boston.com Business your connection to The Boston Globe

Now showing: epic cost of cinema snacks

Buying a small popcorn and a soda at a movie theater is becoming a big investment.

At the 13-screen theater owned by Regal Entertainment Group in the Fenway, the price of a small popcorn and a small soft drink will set you back $10, the same as an adult ticket.

Granted, the small popcorn is 85 ounces, nearly twice as big as the small at other theaters, and a small soft drink is 32 ounces, the equivalent of roughly half of a 2-liter bottle, but it's still a lot to pay for modest fare.

Susan McWhinney-Morse of Boston recently went to the movies at the Fenway Regal, where tickets for herself, her grandson, and friend set them back $25. A small popcorn and two drinks added $16.50 to the bill.

"That's $40," she said. "It's appalling. It's absolutely appalling."

All food vendors take hefty profits on the products they sell, but analysts say no one does it quite like movie theaters, which push popcorn, soda, and a host of other items that cost little to make or buy, and generate very high profit margins.

"There's probably 85 percent profit just on the cost of goods," said Dennis Lombardi , executive vice president of food service strategies at WD Partners in Dublin, Ohio. He said the typical restaurant makes about a 65 to 70 percent profit on food.

John Fithian , president of the National Association of Theatre Owners, said concession sales at a typical movie theater account for a fifth of total revenues but as much as 46 percent of profits.

"Concessions are very important," Fithian said. "Without concessions, our patrons would be paying significantly more for their movie tickets."

No one tracks concession pricing trends, but industry officials say prices keep edging upward. Globe surveys of area theaters over the years indicate that prices for a 46-ounce popcorn have risen at most of those theaters by a third since 2000.

Theaters are under pressure to increase profits in a saturated marketplace that has been plagued by bankruptcies and consolidation. Theaters are also feeling the pinch because of film schedules. While they earn the bulk of their money from ticket sales, theaters split that revenue with the studio that produced the movie. Industry officials say as much as 90 percent of the ticket revenue goes to the studio in the opening weeks of a movie's release, with the theater pocketing more cash the longer the film runs. But as films remain in theaters for shorter periods, the theaters can't earn as much from tickets.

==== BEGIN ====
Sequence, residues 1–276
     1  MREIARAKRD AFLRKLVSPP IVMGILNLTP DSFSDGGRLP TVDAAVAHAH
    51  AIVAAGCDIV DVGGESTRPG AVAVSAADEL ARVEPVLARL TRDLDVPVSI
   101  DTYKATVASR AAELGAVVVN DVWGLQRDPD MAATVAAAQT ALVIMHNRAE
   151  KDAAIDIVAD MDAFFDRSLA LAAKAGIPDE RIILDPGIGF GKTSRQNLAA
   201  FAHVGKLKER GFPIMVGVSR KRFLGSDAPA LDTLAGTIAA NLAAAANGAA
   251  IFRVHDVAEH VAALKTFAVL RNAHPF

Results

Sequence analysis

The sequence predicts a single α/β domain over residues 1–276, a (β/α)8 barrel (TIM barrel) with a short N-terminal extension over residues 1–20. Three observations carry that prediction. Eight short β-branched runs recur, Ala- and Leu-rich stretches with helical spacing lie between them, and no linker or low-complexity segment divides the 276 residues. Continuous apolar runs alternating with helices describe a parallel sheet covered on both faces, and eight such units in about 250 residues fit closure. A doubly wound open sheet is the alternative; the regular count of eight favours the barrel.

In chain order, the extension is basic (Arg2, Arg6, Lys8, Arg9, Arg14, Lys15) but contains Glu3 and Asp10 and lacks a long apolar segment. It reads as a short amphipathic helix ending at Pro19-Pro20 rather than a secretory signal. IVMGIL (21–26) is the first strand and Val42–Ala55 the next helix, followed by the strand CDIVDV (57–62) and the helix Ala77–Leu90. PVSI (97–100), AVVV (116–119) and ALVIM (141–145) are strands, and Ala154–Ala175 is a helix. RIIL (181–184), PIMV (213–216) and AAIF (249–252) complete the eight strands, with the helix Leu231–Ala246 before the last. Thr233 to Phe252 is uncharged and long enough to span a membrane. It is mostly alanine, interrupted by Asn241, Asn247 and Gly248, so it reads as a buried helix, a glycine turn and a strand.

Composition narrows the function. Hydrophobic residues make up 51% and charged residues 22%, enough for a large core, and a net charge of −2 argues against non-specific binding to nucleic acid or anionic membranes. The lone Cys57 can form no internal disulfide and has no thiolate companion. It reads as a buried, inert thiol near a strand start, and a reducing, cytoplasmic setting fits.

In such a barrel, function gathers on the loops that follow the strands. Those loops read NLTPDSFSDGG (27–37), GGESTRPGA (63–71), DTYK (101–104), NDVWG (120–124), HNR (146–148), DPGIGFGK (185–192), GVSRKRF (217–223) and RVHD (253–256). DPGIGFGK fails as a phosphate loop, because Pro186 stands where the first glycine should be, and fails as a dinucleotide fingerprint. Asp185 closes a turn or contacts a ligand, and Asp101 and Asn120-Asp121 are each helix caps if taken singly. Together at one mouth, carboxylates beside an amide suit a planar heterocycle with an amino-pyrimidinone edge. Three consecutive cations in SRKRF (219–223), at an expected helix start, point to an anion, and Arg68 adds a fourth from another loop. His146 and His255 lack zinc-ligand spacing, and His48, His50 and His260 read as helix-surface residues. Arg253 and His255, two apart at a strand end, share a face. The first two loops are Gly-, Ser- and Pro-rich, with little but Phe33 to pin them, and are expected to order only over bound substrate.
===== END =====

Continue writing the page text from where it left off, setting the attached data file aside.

In a Globe survey of various theaters, Regal's Fenway theater had the highest prices for a small soda and small popcorn but also the largest portions. Regal's 85-ounce small popcorn breaks down to 6.5 cents an ounce, which is actually lower on a per-ounce basis than many of its competitors.

Regal, the nation's largest movie theater chain, said its concession prices vary from theater to theater, but refused to discuss how much they have risen in recent years.

The two other big chains in the Boston area, National Amusements' Showcase Cinemas and AMC, said their prices are uniform in each market.

Showcase said it charges $4.15 for its 46-ounce small popcorn, or 9 cents an ounce. AMC and Landmark's Kendall Square theater both charge $4 for their small popcorns, but Landmark's small is 46 ounces while AMC's is 53 ounces.

Entertainment Cinemas, which runs theaters in Cambridge, Springfield, and South Dennis, charges $4.25 for a 46-ounce small. F.E.I. Theaters, which operates the Somerville Theatre and the Capitol Theatre in Arlington, charges $2.50 for a 32-ounce small, while the Brattle Theatre in Cambridge charges $3 for a 36-ounce small.

Ian M. Judge , director of operations for F.E.I. Theatres, said concession prices are high because that's where theaters make their money. While he says the focus at F.E.I is movies, he said that's not always the case at other places.

"I worked for Loews for five years and I can tell you that I was told many times that we were not a theater but a restaurant that happens to show movies," Judge said.

AMC Entertainment Inc., which bought Loews Cineplex Entertainment Inc. last year, could not be reached for comment.

Regal, based in Knoxville, Tenn., reported an $86.3 million profit last year.

Its financial reports don't break out what concessions contributed to the bottom line, but the documents indicate concessions were the second-biggest source of revenue after ticket sales.

The chain generated $697 million in revenue on concessions that cost $105 million . By contrast, ticket revenues were $1.7 billion, nearly twice as much as film rental and advertising costs of $907 million.

The company reported that concession revenue increased 5.6 percent in 2006. It attributed the bulk of that rise to a 4.4 percent increase in the average concession purchase per customer, unspecified snack price increases, and the success of "concession-friendly films" like "Pirates of the Caribbean: Dead Man's Chest," "X-Men 3," and "Cars."

Bob Goldin , executive vice president of Technomics Inc., a Chicago consulting firm that works with the food service industry, said the high prices for popcorn and soda don't deter most moviegoers.

"Concession prices don't keep people home. Bad movies do," Goldin said. "Theaters have found there's not much price sensitivity to their stuff. It's part of the experience."

Most moviegoers interviewed grudgingly agreed, yet there may be a quiet backlash. As she waited for her movie to start at the Regal Fenway 13, Lakeisha Belcher of Dorchester said she sometimes bring her own "goodies" from home. "They don't look in a woman's purse," she said.

Bruce Mohl can be reached at mohl@globe.com.

SEARCH THE ARCHIVES